According to epidemiologic data from World Health Organization (WHO), 24.8% of the human population is currently suffering from anemia out of which a major portion is due to iron deficiency anemia. Hypochromic microcytic anemia is more common in premenopausal females because they lose blood with each menstrual cycle. Among the female population, almost 41% of all pregnant females suffer from anemia while among nonpregnant pre-menopausal females 30% of females are struggling with anemia. The male population is usually resistant to anemia due to circulating testosterone levels. However, 12.7% of adult males are also globally afflicted with anemia. After the female population, pre-school-aged children suffer the most from anemia because of a lack of iron in their primary diet. Human milk contains 0.3 mg/L iron which does not provide enough iron. On the other hand, cow milk contains double the amount of iron, but that iron has poor bioavailability.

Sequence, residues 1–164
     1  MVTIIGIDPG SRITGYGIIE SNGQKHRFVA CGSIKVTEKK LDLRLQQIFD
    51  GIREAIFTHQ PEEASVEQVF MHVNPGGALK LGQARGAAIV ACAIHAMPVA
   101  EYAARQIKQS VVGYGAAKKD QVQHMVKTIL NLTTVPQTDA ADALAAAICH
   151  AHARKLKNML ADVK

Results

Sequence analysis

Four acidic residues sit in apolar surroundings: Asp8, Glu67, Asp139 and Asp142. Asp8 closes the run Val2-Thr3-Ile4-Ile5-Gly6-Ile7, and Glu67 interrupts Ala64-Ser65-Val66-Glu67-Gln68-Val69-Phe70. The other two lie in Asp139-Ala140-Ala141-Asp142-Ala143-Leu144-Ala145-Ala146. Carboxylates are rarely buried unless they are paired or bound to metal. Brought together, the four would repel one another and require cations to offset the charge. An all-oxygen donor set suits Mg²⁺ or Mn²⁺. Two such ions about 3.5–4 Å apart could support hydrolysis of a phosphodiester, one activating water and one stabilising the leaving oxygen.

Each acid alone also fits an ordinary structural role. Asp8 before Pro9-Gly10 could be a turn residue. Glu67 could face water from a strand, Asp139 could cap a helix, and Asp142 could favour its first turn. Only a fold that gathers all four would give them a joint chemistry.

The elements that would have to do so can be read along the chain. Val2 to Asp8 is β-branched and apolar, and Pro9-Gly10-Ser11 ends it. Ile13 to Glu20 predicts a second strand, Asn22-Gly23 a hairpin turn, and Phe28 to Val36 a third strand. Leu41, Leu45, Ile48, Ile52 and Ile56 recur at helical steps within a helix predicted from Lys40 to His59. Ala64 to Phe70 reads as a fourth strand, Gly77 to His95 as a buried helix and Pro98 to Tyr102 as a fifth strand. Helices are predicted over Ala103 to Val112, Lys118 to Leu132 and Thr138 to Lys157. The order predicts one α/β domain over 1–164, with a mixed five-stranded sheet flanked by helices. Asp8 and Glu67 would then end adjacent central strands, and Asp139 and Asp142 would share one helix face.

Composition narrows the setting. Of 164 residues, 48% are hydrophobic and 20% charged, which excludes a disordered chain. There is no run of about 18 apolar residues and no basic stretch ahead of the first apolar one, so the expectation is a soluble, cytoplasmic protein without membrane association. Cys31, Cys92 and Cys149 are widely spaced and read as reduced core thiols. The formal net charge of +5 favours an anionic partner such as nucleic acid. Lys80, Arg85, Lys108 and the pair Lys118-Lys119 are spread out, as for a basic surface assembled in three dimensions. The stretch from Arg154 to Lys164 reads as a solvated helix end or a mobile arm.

An adult human being requires 1 mg to 2 mg per day of iron. The normal western diet contains approximately 10 mg to 20 mg of iron. Iron from animal sources is in the form of Haeme iron which has a bioavailability of 10% to 20% compared to non-heme iron which has a limited bioavailability of 1% to 5%. The cause of low non-heme iron bioavailability is due to its interactions with tannins, phosphates, and other food constituents. An average male contains 6grams of iron while a female contains 2.5 gm of iron. This diet is usually sufficient to maintain a healthy iron pool. Ingested iron is freed from other food constituents by gastric HCL while ascorbic acid (vitamin C) prevents precipitation of ferric. Iron is subsequently absorbed from the duodenum and upper parts of the jejunum through an iron transporter called ( ferroportin) while transferrin protein carries this iron in the blood. Iron is stored in the form of ferritin a ubiquitous iron protein that is found predominantly in the liver, spleen, bone marrow, and skeletal muscles. In the liver, it is stored in parenchymal cells while in other tissues it is stored in macrophages. This process of iron absorption from the gut is controlled by hepcidin, a protein that regulates the amount of iron absorbed from the diet.